Navigating That Thing Called ‘Aging’

Nicole Christina of Syracuse interviews a wide variety of influencers for her podcast, Zestful Aging — It’s all about aging.

By Mary Beth Roach

How do you best navigate aging?

It’s a question the Nicole Christina poses on her podcast’s website,, and it’s the topic the 60-year-old local psychotherapist has been exploring with her guests on that podcast for the past four years.

“Aging is difficult. Aging is loss of some capacities and really facing our limitations. However, I think the idea is how can you navigate it while adding in what are the freedoms, opportunities?” she said.

Because we’re mammals, she said, relationships are vitally important, as is the feeling that your life has some meaning or purpose, that you’re leaving some kind of legacy and that you have something that provides a deep contentment and satisfaction.

However, sometimes finding that purpose and challenging yourself takes you out of your comfort zone.

Christina, herself, stepped out of her comfort zone when she began creating webinars and then moved on to podcasts.

“I felt like I really needed to do something challenging and new,” she said.

One of her first attempts to meet that goal was to conduct webinars on eating disorders, which is one of her fields of expertise.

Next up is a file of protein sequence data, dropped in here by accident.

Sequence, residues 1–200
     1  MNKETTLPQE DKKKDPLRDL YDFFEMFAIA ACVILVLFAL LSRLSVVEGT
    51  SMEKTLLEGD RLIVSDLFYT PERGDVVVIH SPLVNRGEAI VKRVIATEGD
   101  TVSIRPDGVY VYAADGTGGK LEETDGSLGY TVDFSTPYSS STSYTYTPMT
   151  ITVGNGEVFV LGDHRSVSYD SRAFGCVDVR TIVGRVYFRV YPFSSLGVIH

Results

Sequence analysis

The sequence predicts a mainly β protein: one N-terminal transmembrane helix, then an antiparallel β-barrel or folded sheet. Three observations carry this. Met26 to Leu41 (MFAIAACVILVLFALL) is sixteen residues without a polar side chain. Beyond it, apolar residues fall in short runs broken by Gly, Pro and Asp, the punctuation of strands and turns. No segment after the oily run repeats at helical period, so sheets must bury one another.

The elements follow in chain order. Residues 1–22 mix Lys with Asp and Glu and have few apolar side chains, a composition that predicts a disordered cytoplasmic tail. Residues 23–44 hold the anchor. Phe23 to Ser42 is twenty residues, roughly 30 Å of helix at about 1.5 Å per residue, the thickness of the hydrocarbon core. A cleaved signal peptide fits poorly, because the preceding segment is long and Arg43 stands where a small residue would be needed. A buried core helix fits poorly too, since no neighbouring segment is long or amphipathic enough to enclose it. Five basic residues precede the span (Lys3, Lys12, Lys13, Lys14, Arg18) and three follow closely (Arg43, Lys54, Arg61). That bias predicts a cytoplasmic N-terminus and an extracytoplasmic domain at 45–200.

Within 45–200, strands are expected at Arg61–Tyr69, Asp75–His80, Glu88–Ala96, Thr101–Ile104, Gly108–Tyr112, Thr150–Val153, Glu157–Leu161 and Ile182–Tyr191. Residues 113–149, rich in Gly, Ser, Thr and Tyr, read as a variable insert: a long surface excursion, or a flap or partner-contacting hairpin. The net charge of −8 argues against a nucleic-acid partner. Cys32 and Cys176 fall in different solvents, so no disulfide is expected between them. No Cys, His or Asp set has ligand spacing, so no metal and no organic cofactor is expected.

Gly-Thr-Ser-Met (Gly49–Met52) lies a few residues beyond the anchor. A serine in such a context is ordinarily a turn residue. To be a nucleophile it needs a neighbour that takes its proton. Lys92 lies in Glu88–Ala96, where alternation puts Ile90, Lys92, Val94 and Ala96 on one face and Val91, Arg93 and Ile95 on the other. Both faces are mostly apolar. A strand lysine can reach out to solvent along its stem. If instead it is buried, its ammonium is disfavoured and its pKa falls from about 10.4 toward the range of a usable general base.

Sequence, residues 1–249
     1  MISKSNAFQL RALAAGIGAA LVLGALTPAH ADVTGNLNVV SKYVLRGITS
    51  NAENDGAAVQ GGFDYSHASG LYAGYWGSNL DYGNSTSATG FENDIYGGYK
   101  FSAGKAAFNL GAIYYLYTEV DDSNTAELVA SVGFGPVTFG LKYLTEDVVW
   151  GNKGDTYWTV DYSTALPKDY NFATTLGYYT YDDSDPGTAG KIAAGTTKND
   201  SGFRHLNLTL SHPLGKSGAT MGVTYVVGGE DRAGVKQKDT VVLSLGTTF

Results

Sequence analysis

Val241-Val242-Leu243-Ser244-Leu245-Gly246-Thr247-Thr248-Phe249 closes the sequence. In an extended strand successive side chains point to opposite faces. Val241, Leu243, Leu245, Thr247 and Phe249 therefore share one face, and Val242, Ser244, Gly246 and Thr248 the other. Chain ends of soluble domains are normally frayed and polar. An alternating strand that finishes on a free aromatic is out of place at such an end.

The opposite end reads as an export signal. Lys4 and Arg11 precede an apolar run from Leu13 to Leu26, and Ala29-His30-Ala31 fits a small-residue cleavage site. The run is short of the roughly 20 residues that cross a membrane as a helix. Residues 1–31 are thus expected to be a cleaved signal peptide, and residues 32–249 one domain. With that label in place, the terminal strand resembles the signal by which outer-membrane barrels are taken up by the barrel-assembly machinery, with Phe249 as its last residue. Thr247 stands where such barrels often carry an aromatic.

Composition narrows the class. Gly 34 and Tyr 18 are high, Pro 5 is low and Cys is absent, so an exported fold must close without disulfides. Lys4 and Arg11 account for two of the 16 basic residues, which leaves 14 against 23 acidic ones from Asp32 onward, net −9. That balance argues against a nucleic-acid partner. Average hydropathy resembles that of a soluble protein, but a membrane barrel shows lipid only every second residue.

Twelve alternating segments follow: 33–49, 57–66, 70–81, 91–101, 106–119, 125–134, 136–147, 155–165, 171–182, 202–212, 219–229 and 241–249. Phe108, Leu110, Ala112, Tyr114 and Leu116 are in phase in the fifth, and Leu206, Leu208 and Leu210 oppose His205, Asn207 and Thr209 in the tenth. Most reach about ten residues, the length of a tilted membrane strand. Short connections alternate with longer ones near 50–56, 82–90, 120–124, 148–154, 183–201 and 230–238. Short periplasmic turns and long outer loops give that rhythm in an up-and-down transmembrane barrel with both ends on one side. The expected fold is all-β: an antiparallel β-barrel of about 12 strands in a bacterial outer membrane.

“I decided to interview some people as part of the webinar. It was so fun and it just felt so natural,” she said. “I thought, ‘Oh, wow. I love this.’”

The person helping with the technical aspects of the webinar had suggested she look into podcasting, suggesting that she would really enjoy it. 

So, she did.

“Being the person I am, which is a little bit like leap before you look, the next day,” she said.

She asked a woman she had run a retreat with, Vicky Lane, if she could interview her. Lane is a fly-fishing guide who volunteers with Casting for Recovery, which offers fly-fishing retreats for breast cancer survivors as a means of providing them with physical therapy and the opportunity to connect with nature. 

As she was conducting the interview, it was “like this cosmic click,” explaining that while she didn’t know how she could do more interviews like this, she had to figure out a way.

She realized that this was the kind of guest she wanted.

“Somebody doing something they love, they’re contributing. That, to me, is so full of life,” she said.

She has found, with her practice, that finding that purpose is one of the issues that some of her clients grapple with as they age.

“I was really aware of some of the aging questions that my clients were asking, like ‘What do I do now?’ ‘My kids are launched.’ ‘I may or may not want to stay with my partner.’ ‘I’m looking at possible retirement.’ ‘My family or my friends might be moving away,’” she said. “A lot of transitions.”

Since then, she’s had nearly 300 episodes. She said listeners from over 100 countries have tuned in to her podcast. In late February, she received a silver Anthem Award in the Diversity, Equity and Inclusion category. Presented by The Webby Awards, which recognizes excellence on the internet, the Anthem Awards highlight impactful work by people, companies and organizations across the globe. Most recently, she has received a gold award from Hermes for Best Podcast Host.